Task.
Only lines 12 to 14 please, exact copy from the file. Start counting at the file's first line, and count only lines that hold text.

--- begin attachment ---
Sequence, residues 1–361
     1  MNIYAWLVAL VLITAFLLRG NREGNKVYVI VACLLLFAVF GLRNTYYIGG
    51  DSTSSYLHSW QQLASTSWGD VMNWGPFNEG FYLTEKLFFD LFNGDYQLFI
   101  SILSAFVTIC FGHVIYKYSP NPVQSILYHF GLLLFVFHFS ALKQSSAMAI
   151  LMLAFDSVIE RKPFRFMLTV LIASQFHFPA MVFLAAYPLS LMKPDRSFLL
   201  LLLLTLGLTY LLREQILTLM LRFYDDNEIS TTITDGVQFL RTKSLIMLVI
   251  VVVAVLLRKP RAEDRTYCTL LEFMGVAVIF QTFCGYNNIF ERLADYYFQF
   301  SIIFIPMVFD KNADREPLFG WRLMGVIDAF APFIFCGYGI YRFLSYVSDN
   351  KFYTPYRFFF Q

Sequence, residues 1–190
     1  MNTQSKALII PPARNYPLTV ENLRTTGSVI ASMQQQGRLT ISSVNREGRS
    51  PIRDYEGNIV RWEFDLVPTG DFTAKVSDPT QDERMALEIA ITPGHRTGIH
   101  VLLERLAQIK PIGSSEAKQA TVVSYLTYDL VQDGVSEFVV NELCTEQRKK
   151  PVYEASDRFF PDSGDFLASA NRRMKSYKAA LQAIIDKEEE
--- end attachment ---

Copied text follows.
    51  PIRDYEGNIV RWEFDLVPTG DFTAKVSDPT QDERMALEIA ITPGHRTGIH
   101  VLLERLAQIK PIGSSEAKQA TVVSYLTYDL VQDGVSEFVV NELCTEQRKK
   151  PVYEASDRFF PDSGDFLASA NRRMKSYKAA LQAIIDKEEE